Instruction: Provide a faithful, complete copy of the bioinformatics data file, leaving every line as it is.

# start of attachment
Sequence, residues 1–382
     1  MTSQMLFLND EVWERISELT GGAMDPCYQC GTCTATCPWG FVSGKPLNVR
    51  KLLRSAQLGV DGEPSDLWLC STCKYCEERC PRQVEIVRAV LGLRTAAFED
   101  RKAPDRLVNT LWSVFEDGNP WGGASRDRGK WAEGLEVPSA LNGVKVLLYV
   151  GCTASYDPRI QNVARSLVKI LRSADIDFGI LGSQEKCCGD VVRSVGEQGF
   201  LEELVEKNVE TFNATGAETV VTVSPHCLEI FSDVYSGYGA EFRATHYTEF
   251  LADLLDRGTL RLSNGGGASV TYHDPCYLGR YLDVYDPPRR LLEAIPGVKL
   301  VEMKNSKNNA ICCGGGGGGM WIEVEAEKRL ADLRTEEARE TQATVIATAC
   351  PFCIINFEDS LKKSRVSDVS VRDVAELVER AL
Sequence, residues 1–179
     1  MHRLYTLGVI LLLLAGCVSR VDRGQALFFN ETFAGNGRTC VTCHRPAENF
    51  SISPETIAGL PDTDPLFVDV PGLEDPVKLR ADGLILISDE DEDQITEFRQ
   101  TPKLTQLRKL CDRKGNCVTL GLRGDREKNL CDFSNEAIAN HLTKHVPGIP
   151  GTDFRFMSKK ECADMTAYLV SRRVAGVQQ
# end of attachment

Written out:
Sequence, residues 1–382
     1  MTSQMLFLND EVWERISELT GGAMDPCYQC GTCTATCPWG FVSGKPLNVR
    51  KLLRSAQLGV DGEPSDLWLC STCKYCEERC PRQVEIVRAV LGLRTAAFED
   101  RKAPDRLVNT LWSVFEDGNP WGGASRDRGK WAEGLEVPSA LNGVKVLLYV
   151  GCTASYDPRI QNVARSLVKI LRSADIDFGI LGSQEKCCGD VVRSVGEQGF
   201  LEELVEKNVE TFNATGAETV VTVSPHCLEI FSDVYSGYGA EFRATHYTEF
   251  LADLLDRGTL RLSNGGGASV TYHDPCYLGR YLDVYDPPRR LLEAIPGVKL
   301  VEMKNSKNNA ICCGGGGGGM WIEVEAEKRL ADLRTEEARE TQATVIATAC
   351  PFCIINFEDS LKKSRVSDVS VRDVAELVER AL
Sequence, residues 1–179
     1  MHRLYTLGVI LLLLAGCVSR VDRGQALFFN ETFAGNGRTC VTCHRPAENF
    51  SISPETIAGL PDTDPLFVDV PGLEDPVKLR ADGLILISDE DEDQITEFRQ
   101  TPKLTQLRKL CDRKGNCVTL GLRGDREKNL CDFSNEAIAN HLTKHVPGIP
   151  GTDFRFMSKK ECADMTAYLV SRRVAGVQQ